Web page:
Ecology -Study of plants and animals in relation to their physical and biological surroundings (17).

Ecosystem -Complex ecological community and environment forming a functional whole in nature (12).

Embedded grit -Grit that is embedded in wood chips in the process of whole-tree chipping. This grit may be extremely difficult to remove when using chips in pulp and paper manufacture (3).

Enclosed cab -Cab suitable for an all-weather operation, may be heated or air conditioned (23).

End hooks -Pointed hooks placed against the end of the log for loading (22).

End mark -See mark (8).

Energy chips -Whole-tree chips used for energy (4).

Energy wood -Wood that has been delivered to pulp and paper mills, specifically for burning in boilers (3).
-Wood to be utilized for heat or other energy products. Includes forest, industrial, urban, and other wood waste, as well as whole-tree chips (4).

Estimate -See cruise (8).

Estimator -See cruiser (8).

Even-aged -Stand of trees in which there are only small differences in age among the individual trees (28).

Even-aged management -Silvicultural system in which the individual trees originate at about the same time and are removed in one or more harvest cuts, after which a new stand is established (33).

Evenflow -Same amount of timber produced annually for an indefinite, extended period of time from a natural forest or other unit of land (17).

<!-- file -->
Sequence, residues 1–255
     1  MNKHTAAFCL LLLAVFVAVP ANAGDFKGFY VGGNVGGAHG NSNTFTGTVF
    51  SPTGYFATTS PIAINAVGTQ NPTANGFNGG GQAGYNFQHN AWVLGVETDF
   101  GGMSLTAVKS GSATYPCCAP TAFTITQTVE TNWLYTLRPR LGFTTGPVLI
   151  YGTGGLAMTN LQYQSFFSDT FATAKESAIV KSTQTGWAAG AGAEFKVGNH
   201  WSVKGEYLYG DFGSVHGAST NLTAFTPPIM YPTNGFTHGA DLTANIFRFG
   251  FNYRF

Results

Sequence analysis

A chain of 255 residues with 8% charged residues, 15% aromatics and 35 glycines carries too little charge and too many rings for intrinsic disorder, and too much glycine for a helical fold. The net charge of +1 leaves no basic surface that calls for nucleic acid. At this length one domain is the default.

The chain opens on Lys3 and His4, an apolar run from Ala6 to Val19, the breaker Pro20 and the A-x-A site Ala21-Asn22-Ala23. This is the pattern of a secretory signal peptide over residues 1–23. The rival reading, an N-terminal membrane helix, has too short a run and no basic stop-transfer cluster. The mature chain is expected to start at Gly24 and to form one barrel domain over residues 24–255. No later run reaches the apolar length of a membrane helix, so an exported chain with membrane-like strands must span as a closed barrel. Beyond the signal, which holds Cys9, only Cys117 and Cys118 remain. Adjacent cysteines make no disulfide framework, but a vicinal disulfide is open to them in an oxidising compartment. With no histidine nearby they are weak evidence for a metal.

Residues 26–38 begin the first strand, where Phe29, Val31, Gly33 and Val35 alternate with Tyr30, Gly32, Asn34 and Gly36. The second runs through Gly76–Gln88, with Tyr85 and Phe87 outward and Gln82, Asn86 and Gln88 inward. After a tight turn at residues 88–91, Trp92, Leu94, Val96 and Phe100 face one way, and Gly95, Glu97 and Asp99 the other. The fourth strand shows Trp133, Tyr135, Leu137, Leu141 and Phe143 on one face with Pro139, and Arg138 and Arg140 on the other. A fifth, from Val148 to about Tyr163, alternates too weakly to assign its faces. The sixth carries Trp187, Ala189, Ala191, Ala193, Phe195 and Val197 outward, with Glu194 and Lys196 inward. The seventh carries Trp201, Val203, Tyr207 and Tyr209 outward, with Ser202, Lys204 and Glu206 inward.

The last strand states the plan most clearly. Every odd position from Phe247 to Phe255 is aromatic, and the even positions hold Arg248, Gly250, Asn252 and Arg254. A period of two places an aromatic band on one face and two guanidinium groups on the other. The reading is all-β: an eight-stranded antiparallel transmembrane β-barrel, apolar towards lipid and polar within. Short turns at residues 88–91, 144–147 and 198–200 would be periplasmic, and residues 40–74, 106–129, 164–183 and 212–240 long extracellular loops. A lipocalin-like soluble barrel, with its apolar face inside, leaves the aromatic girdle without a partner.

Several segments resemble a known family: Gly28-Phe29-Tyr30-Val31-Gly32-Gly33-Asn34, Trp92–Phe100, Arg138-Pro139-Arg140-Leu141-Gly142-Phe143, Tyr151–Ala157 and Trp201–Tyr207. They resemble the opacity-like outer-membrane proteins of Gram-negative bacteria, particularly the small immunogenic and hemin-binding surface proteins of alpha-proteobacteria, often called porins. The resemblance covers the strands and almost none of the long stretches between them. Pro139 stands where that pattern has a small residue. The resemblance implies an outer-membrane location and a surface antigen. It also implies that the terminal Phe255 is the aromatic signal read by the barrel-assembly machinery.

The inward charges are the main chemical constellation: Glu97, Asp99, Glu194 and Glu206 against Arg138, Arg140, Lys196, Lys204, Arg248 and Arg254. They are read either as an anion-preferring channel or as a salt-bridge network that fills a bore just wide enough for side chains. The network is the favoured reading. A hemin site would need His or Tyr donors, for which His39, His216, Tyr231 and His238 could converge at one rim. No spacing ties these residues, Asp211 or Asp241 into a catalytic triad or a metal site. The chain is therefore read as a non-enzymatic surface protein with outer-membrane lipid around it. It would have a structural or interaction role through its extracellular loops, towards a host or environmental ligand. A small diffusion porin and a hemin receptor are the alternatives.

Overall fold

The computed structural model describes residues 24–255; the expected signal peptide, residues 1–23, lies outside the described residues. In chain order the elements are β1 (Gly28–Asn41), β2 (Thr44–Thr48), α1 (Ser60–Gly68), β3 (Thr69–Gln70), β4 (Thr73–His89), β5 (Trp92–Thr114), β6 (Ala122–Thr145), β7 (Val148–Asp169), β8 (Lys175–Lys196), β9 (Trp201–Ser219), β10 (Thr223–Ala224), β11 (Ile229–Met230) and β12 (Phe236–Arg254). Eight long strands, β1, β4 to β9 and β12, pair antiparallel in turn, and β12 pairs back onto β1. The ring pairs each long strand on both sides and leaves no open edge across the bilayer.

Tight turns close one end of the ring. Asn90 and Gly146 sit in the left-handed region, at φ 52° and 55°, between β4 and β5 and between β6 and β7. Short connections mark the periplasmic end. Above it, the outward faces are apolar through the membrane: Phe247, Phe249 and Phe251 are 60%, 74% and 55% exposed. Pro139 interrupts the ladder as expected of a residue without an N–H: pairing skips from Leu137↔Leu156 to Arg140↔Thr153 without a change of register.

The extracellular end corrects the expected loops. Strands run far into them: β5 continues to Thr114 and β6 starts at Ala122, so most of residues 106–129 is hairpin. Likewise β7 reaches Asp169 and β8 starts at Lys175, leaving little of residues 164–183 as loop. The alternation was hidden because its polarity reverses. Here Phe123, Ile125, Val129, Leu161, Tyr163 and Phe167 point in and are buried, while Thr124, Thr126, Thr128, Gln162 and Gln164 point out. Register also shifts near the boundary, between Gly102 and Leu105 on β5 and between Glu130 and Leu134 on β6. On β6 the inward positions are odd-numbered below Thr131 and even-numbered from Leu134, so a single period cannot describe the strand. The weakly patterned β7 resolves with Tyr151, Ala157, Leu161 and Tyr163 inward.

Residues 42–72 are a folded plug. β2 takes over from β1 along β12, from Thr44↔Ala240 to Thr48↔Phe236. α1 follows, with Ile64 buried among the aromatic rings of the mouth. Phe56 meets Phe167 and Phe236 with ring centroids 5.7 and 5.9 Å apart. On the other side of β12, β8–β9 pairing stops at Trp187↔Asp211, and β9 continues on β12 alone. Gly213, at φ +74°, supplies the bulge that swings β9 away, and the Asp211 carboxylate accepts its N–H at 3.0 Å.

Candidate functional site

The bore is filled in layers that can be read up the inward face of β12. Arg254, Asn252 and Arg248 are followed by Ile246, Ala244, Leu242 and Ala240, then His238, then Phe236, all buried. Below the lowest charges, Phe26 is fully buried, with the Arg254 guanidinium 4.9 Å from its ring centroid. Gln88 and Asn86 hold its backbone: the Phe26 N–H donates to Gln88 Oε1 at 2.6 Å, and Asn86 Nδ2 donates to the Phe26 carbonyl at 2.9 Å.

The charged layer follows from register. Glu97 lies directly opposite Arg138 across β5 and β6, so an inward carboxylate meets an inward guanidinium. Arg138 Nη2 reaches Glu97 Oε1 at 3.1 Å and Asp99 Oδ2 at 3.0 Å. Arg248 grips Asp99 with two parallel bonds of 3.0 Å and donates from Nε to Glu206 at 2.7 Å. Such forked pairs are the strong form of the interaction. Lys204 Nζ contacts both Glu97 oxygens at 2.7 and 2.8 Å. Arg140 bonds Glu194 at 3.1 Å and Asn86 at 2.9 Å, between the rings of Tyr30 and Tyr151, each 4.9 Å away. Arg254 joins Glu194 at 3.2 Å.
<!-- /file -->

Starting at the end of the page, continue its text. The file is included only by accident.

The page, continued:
Experimental plot -Area of ground laid out to determine the effects of a certain method of treatment.
-Major area-unit of an established experimental study requiring recurrent examination, often divided into subplots (17).

Exposure -See aspect.

External yarding distance -Slope distance from the landing to the farthest point within the cutting unit boundary (22).

Eye splice -Loop formed by bending a rope's end back and splicing it into the line (22).


Face -Side of a hill or mountain being logged.
-One side of a tree, log, or cant.
-Standing timber adjacent to a clear-cut area.
-Section of wood sawn and removed from a tree's base (24).

Face cord -Sometimes used in measuring firewood, a face cord is 4 feet high by 8 feet long but only as deep as the length of the individual firewood pieces. Thus a face cord may be 4 feet by 8 feet by 16 inches and contain one-third the wood volume of a pulpwood or standard cord (12).